Stories

The IRE Resource Center is a major research library containing more than 27,000 investigative stories.

Most of our stories are not available for download but can be easily ordered by contacting the Resource Center directly at 573-882-3364 or rescntr@ire.org where a researcher can help you pinpoint what you need.

Search results for "collaboration" ...

  • Affiliate Investigative Collaborations: Sky Rage and New Home Heartbreak

    This entry is to put forth the collaborations between the ABC News/Brian Ross Unit and the ABC local affiliate investigative teams with whom we report major consumer investigations. We believe this style of reporting on consumer issues together, combined with the way the reports are then presented around the country, is not only innovative, but service journalism in its most true form and at its finest.
  • Dangerous Doses

    For one story, “The hunt for dangerous doses,” investigative reporter Sam Roe led a collaboration with data scientists, pharmacologists and cellular researchers at Columbia University Medical Center in an attempt to discover potentially deadly combinations of prescription drugs. Intrigued by the novel data mining algorithms developed by Columbia scientist Nicholas Tatonetti, Roe proposed that the two team up to search for drug combinations that might cause a potentially fatal heart condition. Roe also recruited Dr. Ray Woosley, the leading authority on that condition and a former dean of the University of Arizona medical school, to the team. Over two years, as he orchestrated the project, Roe traveled to New York 12 times to meet with Tatonetti. They brainstormed, analyzed data and talked with Woosley via conference calls. Several of Tatonetti’s graduate students joined the team, as did Columbia cellular researchers whose work provided a critical layer of validation of the results.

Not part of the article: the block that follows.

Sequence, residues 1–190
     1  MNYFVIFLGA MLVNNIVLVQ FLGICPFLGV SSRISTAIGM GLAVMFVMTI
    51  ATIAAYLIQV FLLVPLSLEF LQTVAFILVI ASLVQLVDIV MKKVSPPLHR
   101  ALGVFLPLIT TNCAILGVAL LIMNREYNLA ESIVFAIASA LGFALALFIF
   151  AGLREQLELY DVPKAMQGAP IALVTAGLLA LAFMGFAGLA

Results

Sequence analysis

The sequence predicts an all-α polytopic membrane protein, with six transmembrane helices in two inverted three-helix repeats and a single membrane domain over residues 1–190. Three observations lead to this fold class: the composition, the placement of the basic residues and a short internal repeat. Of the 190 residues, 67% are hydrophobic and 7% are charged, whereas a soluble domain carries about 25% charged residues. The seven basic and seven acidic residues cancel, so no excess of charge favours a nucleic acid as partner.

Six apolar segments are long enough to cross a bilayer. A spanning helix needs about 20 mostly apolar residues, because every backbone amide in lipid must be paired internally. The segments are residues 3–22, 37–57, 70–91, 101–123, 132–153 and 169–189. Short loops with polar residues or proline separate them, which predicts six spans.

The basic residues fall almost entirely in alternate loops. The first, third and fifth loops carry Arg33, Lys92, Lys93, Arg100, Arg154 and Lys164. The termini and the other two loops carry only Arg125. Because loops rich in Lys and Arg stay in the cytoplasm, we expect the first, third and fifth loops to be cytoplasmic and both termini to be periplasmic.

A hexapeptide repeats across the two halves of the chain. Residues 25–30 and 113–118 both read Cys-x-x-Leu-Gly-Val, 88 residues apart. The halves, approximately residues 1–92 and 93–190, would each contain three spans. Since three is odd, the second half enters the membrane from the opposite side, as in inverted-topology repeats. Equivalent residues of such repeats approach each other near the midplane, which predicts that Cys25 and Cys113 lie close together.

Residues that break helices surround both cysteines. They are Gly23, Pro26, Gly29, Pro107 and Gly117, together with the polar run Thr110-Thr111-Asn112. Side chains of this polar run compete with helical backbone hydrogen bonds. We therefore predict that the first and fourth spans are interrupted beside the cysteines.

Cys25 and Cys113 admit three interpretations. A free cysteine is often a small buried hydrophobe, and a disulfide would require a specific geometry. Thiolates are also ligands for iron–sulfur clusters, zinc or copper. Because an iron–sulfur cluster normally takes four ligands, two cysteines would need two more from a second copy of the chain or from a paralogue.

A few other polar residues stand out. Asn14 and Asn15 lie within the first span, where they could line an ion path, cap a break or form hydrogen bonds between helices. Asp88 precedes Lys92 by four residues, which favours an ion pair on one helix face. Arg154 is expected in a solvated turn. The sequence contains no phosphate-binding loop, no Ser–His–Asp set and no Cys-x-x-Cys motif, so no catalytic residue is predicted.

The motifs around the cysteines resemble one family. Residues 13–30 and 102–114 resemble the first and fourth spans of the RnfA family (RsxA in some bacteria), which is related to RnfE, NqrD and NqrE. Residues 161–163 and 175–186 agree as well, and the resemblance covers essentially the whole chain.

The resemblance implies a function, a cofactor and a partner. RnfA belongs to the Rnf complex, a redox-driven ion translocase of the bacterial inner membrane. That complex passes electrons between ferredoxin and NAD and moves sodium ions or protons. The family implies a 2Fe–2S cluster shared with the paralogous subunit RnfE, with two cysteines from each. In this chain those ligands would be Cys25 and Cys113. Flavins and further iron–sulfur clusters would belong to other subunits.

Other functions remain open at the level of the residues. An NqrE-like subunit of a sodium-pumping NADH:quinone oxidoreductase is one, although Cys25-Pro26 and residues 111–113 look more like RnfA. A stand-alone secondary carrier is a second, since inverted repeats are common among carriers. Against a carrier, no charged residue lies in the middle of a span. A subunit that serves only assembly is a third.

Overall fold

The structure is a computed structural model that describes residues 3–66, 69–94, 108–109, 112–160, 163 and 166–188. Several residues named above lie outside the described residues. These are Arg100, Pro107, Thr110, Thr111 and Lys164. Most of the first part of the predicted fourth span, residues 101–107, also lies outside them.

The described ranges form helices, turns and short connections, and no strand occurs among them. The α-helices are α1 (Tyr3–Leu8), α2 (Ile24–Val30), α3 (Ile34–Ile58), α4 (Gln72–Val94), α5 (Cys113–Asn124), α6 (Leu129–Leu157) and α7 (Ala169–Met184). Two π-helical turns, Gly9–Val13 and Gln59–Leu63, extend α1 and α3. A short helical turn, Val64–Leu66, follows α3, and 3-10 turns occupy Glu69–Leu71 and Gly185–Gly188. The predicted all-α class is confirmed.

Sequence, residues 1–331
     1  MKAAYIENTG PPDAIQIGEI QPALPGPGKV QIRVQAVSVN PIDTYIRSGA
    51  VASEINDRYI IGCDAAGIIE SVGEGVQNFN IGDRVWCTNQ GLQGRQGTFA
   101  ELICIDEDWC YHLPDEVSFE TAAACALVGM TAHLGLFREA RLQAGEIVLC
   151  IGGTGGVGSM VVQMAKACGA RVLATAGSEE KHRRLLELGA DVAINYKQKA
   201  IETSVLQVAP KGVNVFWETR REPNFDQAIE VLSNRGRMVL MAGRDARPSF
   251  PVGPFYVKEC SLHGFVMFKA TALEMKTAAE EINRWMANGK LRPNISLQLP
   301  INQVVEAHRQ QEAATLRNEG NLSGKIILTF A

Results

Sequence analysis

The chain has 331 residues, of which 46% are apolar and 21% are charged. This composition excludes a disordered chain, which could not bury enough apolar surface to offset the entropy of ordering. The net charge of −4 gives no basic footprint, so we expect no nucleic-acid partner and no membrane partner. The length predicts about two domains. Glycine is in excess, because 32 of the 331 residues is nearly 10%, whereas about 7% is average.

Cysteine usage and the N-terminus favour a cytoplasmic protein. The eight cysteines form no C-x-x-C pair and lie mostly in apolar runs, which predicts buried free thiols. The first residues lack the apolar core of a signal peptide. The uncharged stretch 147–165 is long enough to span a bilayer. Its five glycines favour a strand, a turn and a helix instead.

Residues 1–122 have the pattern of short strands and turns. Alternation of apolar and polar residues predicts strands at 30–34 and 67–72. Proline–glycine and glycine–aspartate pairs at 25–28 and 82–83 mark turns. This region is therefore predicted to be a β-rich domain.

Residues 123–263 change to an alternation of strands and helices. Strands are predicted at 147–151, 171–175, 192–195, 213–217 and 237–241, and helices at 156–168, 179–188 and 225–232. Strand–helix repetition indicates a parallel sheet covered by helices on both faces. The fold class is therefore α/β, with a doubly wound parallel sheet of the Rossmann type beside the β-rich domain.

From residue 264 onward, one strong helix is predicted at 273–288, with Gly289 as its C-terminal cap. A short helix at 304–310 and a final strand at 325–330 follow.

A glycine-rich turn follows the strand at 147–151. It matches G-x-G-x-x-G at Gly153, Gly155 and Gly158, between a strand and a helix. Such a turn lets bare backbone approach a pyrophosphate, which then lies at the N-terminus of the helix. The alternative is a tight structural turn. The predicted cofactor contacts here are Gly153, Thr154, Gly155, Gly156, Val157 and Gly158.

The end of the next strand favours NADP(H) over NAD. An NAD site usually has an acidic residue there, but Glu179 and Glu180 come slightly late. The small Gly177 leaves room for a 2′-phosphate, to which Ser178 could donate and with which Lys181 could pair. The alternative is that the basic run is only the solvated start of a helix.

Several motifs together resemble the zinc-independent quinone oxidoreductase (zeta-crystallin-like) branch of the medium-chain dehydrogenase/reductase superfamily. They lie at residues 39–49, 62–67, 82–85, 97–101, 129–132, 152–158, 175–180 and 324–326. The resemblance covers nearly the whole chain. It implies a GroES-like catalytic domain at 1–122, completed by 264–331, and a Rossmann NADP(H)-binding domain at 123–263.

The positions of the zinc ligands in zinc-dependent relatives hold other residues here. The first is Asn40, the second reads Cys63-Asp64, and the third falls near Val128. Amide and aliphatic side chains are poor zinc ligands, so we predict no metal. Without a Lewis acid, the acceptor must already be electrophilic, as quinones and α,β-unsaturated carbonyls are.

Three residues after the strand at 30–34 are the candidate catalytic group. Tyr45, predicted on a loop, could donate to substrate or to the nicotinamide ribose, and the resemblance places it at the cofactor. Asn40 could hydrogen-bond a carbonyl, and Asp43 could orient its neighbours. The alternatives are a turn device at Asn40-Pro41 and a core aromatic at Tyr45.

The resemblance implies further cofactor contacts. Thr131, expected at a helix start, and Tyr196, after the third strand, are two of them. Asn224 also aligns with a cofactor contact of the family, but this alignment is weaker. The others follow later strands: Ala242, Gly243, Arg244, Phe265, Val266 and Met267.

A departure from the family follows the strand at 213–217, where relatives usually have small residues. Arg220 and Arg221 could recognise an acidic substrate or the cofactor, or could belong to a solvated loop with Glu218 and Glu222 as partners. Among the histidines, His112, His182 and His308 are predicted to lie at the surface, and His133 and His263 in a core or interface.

• Panama Papers

    The Panama Papers investigation, based on a massive leak of secret offshore records, exposed shell companies linked to 140 politicians in more than 50 countries – including 12 current or former world leaders. The investigation also exposed offshore companies tied to mega-banks, bribery scandals, drug kingpins, American fraudsters, arms traffickers and a network of people close to Russian President Vladimir Putin that shuffled as much as $2 billion around the world. The project was led by the Center for Public Integrity's International Consortium of Investigative Journalists and involved more than 100 news organizations from 80 countries. In all, more than 370 journalists were involved in the collaboration.
  • Contaminated Soil Lingers Where Apples Once Grew

    An Oregon Public Broadcasting and Northwest Public Radio collaboration found Washington officials failed to address known soil contamination at former orchard sites, leaving children at risk of exposure that could elevate their risk of lowered IQ, behavioral problems or cancer later in life.
  • State Integrity Investigation 2015

    The State Integrity Investigation 2015 is a data-driven examination of state government accountability, transparency and anti-corruption measures and a complete re-do for an unprecedented project first published in 2012. The investigation—a collaboration of the Center for Public Integrity and Global Integrity—resulted in a graded report card for each state, a ranking of the states and a package of more than 50 articles telling the stories behind the scores and highlighting national trends. Experienced journalists were hired in each state to research and answer 245 “integrity indicators,” on which the report cards are based, and to write short feature articles about their states.